Follow My Leader is such a great story, and I read it over and over when I was in elementary school. Written by James B. Garfield, it tells the story of young Jimmy, who is blinded in a firecracker accident. Jimmy is an aspiring baseball player with an active lifestyle, and in an instant, his life changes dramatically. He wonders if he’ll ever be able to do the things he loves again. He also wonders if he’ll ever be able to deal with the anger and bitterness he feels towards Mike, the boy whose carelessness and arrogance is responsible for his disability.
The novel was originally written in 1957, and the setting is “modern” for its publication date. And that’s the major drawback, I think as I reread it now, that my students will have in enjoying it. It’s such a good story, telling how he begins his new life, learning the life skills he needs to survive and be successful. His friends are supportive and learn Braille with him so they can use it as a secret code. His frustrations and setbacks are dealt with sensitively and with humor. The big event, though, is when he is sent to a training program to learn to work with his service dog, Leader. Reading along as Leader opens up Jimmy’s world, and even manages to help him come to terms with the boy who blinded him, is powerful and satisfying.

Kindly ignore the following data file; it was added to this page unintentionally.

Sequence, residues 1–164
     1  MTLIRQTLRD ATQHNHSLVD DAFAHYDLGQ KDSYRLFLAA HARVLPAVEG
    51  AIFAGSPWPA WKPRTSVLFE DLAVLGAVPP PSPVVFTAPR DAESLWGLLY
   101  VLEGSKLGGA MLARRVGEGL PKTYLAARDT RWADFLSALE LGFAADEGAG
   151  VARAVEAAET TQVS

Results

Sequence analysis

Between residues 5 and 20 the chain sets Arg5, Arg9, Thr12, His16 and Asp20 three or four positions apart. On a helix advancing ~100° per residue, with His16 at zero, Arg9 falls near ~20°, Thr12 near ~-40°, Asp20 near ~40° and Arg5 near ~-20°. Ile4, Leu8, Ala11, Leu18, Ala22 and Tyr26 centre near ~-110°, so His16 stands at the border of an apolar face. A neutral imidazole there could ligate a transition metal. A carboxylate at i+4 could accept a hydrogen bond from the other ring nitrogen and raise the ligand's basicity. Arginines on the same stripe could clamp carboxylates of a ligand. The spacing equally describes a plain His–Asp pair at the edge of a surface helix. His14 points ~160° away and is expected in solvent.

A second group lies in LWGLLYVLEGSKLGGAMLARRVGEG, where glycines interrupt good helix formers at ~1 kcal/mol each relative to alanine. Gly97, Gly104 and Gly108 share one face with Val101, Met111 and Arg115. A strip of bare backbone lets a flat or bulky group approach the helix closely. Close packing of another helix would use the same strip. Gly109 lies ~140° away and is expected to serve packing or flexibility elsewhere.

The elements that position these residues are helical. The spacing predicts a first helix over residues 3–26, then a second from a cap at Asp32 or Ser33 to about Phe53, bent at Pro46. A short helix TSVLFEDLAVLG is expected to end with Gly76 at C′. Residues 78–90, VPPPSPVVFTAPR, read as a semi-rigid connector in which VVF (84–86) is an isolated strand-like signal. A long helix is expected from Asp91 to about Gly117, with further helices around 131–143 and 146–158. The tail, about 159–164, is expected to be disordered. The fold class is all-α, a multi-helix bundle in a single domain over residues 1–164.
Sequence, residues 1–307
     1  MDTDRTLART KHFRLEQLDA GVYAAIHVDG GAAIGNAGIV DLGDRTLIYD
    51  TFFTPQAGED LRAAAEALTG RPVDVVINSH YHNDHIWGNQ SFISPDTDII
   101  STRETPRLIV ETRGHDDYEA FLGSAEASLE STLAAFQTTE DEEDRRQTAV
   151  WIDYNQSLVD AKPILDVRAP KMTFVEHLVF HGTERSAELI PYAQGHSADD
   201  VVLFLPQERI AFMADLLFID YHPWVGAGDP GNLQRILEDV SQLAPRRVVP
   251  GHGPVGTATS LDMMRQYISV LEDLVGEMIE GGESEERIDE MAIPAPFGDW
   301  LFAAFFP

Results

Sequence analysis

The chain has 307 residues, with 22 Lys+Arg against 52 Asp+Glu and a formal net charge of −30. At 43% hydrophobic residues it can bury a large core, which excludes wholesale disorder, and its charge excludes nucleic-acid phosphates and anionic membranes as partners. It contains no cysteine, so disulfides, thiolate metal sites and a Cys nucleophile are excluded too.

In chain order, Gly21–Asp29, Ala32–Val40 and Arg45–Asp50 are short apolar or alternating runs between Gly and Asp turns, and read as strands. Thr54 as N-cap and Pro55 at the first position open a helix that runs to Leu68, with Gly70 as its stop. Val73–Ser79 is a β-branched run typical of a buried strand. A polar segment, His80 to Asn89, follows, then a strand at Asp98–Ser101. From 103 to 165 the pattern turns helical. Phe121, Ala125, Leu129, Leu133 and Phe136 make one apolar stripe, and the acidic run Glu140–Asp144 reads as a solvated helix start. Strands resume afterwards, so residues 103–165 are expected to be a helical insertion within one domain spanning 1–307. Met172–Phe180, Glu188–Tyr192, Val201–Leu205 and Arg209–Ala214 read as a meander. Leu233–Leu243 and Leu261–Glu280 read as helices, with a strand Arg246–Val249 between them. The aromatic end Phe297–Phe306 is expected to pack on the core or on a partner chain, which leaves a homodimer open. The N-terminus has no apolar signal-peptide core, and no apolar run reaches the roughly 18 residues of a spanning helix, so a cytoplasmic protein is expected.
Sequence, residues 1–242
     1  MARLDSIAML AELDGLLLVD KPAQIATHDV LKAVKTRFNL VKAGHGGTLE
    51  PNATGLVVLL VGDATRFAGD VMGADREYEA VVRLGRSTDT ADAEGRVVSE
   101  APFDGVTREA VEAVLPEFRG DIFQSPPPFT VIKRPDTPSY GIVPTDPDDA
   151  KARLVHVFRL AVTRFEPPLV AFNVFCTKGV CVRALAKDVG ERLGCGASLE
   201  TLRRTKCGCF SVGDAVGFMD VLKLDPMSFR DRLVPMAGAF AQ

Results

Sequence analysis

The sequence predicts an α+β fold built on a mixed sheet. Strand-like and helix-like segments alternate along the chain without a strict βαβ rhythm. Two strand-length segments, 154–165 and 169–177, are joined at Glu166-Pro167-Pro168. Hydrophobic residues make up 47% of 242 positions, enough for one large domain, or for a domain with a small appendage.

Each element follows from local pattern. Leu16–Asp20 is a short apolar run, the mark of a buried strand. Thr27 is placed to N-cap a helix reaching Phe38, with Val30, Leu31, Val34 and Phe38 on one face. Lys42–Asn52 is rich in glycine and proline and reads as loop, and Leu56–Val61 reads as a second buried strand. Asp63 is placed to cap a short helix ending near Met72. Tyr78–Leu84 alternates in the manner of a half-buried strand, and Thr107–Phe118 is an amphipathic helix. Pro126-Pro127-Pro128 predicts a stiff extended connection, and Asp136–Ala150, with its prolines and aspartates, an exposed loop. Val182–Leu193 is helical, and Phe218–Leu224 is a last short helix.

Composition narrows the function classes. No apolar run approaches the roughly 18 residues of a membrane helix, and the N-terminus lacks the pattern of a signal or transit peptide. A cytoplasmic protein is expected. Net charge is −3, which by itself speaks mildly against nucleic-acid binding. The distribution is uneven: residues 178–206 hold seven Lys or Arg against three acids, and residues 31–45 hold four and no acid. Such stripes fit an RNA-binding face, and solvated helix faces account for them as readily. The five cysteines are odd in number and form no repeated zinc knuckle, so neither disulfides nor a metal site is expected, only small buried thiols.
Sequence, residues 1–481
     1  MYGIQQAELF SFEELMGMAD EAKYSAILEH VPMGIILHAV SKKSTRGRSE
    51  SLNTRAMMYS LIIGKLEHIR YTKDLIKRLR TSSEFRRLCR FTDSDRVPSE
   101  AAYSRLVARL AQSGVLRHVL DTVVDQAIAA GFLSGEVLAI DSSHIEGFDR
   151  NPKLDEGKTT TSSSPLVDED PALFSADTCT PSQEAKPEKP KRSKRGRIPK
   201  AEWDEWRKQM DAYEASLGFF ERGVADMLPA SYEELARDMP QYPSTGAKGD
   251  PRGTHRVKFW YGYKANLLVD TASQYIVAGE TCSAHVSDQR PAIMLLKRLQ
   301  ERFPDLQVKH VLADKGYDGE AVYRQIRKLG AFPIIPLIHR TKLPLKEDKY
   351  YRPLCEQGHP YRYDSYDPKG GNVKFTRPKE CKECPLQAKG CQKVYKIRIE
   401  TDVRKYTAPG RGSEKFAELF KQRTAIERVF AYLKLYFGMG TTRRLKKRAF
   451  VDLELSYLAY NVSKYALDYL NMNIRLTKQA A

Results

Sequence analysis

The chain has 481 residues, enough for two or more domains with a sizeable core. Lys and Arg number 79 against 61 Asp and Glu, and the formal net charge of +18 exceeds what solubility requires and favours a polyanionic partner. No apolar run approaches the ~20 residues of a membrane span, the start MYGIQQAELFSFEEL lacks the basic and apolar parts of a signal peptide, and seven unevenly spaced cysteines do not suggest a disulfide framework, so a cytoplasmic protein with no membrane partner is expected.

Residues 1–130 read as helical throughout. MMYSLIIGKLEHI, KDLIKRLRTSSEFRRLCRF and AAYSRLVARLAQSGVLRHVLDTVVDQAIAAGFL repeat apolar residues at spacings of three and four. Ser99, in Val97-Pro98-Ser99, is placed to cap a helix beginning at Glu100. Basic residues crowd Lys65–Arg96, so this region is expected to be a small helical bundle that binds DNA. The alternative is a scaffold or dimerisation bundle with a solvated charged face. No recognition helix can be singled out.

As I said, though, the setting could be stumbling-block for today’s students. I guess what I really mean is the dialog within the setting. There’s a certain Leave It To Beaver vibe throughout the book that rings false with kids now, however realistic it might have been then. I do not remember being put off by it as an elementary reader back in the Sixties, when the book was still relatively new, so it must be just an issue of changing times. I also imagine children with disabilities receive services through their medical teams and schools in a very different manner than they did back then. Still, if there is a drawback for kids today, it’s going to the “golly-gee whillikers, you fellows, that’s just swell” dialog. If they can move past that, they’ll enjoy a story that’s more universal than the dialog itself would make you believe. Did we really talk like that back then?